Yemen's cholera epidemic likely to intensify: WHO

World Health Organization says that rain season could lead to an upsurge in cholera cases in the war-torn country.

    The conflict in Yemen has led to a significant degradation of the country's healthcare system [Yahya Arhab/EPA-EFE]
    The conflict in Yemen has led to a significant degradation of the country's healthcare system [Yahya Arhab/EPA-EFE]

    The World Health Organization (WHO) has warned that Yemen's cholera epidemic could escalate in the next couple of months.

    Although the spread of the disease has been contained since its outbreak in 2016, expected rainfall in the coming months could lead to a surge in cholera cases, according to the UN agency.

    "The real problem is we're entering another phase of rainy seasons," WHO's deputy director for Emergency Preparedness and Response, Peter Salama, told reporters. 

    "Usually cholera cases increase corresponding to those rainy seasons. So we expect one surge in April, and another potential surge in August."

    The disease spreads through water and food that has been consumed by a contaminated person and that is then passed on and shared with other people.

    Preventable disease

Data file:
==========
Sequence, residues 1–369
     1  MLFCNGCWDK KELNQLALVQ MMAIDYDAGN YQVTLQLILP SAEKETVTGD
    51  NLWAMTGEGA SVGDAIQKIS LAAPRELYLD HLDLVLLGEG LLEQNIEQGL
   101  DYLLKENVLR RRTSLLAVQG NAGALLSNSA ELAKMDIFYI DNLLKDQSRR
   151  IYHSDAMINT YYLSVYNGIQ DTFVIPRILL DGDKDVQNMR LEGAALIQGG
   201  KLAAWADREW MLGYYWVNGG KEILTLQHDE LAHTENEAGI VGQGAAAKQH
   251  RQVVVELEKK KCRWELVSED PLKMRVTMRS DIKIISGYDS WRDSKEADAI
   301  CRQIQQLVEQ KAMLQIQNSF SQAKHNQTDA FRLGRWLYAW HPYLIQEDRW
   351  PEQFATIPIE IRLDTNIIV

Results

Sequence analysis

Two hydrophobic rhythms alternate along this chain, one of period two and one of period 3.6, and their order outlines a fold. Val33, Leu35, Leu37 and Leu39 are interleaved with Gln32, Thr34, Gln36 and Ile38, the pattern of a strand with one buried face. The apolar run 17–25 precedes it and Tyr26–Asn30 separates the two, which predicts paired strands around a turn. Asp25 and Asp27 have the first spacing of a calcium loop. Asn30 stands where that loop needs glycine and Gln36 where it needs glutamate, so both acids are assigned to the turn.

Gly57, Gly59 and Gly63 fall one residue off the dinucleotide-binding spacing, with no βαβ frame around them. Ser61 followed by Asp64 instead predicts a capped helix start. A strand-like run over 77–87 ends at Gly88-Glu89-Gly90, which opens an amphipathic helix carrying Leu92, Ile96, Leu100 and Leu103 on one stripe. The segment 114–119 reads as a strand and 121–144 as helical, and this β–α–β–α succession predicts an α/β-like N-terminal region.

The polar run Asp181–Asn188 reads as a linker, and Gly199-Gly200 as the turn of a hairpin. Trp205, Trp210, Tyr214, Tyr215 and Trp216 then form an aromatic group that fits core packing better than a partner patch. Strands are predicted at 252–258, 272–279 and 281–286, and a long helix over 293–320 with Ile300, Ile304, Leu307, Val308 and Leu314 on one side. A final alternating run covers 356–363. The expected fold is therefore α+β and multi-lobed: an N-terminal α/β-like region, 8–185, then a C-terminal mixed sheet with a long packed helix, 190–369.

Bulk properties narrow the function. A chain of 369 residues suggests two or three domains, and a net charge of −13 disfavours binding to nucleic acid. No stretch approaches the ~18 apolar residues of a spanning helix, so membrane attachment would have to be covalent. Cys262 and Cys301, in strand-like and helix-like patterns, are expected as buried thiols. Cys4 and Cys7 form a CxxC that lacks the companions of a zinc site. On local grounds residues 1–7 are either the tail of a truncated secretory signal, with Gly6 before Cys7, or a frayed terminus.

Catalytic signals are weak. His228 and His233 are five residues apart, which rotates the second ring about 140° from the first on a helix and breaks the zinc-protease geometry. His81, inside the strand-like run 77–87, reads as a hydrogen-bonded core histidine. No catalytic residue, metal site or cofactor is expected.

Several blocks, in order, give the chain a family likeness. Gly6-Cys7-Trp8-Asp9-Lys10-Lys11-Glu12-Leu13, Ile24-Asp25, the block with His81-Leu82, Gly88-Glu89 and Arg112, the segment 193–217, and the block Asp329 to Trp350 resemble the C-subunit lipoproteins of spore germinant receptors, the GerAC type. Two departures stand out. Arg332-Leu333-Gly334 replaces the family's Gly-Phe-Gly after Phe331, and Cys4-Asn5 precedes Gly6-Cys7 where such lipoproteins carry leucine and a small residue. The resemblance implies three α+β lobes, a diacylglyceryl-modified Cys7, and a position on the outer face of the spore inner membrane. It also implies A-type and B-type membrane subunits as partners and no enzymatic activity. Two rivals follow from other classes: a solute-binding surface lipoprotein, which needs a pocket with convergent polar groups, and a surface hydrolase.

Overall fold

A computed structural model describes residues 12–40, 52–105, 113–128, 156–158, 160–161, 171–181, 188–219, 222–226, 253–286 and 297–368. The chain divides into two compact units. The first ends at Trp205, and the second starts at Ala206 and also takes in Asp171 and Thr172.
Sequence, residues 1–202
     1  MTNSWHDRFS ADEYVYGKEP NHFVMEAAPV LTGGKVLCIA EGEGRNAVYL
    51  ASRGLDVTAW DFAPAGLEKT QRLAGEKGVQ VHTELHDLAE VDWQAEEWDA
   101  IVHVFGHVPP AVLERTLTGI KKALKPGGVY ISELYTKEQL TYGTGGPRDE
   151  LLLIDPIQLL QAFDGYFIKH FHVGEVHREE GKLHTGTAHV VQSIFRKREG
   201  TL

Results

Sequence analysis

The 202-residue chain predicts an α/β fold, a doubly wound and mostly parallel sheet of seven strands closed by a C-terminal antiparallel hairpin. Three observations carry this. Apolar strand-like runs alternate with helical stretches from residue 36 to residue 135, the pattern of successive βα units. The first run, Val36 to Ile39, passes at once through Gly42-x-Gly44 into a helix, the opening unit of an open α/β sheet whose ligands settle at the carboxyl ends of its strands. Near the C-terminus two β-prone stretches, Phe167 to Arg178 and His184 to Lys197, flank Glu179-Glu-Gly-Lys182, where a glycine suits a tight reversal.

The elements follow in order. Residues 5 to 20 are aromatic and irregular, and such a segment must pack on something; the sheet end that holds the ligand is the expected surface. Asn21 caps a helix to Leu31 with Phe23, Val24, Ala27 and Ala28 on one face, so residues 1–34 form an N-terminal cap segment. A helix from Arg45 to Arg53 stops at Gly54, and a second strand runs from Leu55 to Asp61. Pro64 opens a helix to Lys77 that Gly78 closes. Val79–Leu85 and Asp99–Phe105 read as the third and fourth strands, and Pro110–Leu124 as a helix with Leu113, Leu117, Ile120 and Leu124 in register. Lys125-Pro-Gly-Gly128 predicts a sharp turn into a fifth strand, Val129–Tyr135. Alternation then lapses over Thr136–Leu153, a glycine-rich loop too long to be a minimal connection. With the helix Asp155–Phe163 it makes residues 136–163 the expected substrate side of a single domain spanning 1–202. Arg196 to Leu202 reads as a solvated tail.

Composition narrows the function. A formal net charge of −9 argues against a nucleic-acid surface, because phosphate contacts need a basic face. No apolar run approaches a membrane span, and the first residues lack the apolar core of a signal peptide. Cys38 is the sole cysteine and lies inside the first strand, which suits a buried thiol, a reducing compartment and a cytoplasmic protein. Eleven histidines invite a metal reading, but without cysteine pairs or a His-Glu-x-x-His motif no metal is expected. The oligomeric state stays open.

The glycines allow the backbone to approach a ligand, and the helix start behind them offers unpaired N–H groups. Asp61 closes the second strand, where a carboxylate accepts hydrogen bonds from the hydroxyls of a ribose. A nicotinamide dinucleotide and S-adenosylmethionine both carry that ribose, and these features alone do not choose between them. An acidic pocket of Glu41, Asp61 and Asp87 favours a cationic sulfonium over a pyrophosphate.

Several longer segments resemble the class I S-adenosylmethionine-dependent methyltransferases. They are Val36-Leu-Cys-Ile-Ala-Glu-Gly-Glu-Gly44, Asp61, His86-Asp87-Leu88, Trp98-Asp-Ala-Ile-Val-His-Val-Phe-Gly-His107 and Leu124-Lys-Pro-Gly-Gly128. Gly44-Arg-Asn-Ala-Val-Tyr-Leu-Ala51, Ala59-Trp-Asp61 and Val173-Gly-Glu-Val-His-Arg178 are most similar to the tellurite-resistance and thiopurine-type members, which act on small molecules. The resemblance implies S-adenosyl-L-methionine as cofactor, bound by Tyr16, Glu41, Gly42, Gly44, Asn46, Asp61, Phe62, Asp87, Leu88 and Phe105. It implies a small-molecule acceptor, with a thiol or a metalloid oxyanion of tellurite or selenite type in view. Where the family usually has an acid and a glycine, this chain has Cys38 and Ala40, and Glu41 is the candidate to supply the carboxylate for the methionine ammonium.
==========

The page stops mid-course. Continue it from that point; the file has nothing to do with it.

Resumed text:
With a fatality rate of between 0.2 and 0.3 percent, the disease is widely considered to be preventable. Its manifestation is usually the result of poor sanitation and sewage infrastructure.

    Yemen has been mired in a proxy war pitting the internationally recognised and Saudi-backed government of Abd-Rabbu Mansour Hadi against Iran-linked Houthi rebels since March 2015.

    The conflict has led to a significant degradation of the country's modest healthcare system.

    "We're very concerned we're going to go from a failing health system to a failed one that's going to spawn more infectious diseases and more suffering," Salama said.

    The number of cholera cases tipped over the one million mark in late December of last year and has killed more than 2,200 people.

    The UN has also voiced concern over food shortages, which it says could lead to a famine if the conflict is not brought to an end.

    SOURCE: Al Jazeera and news agencies


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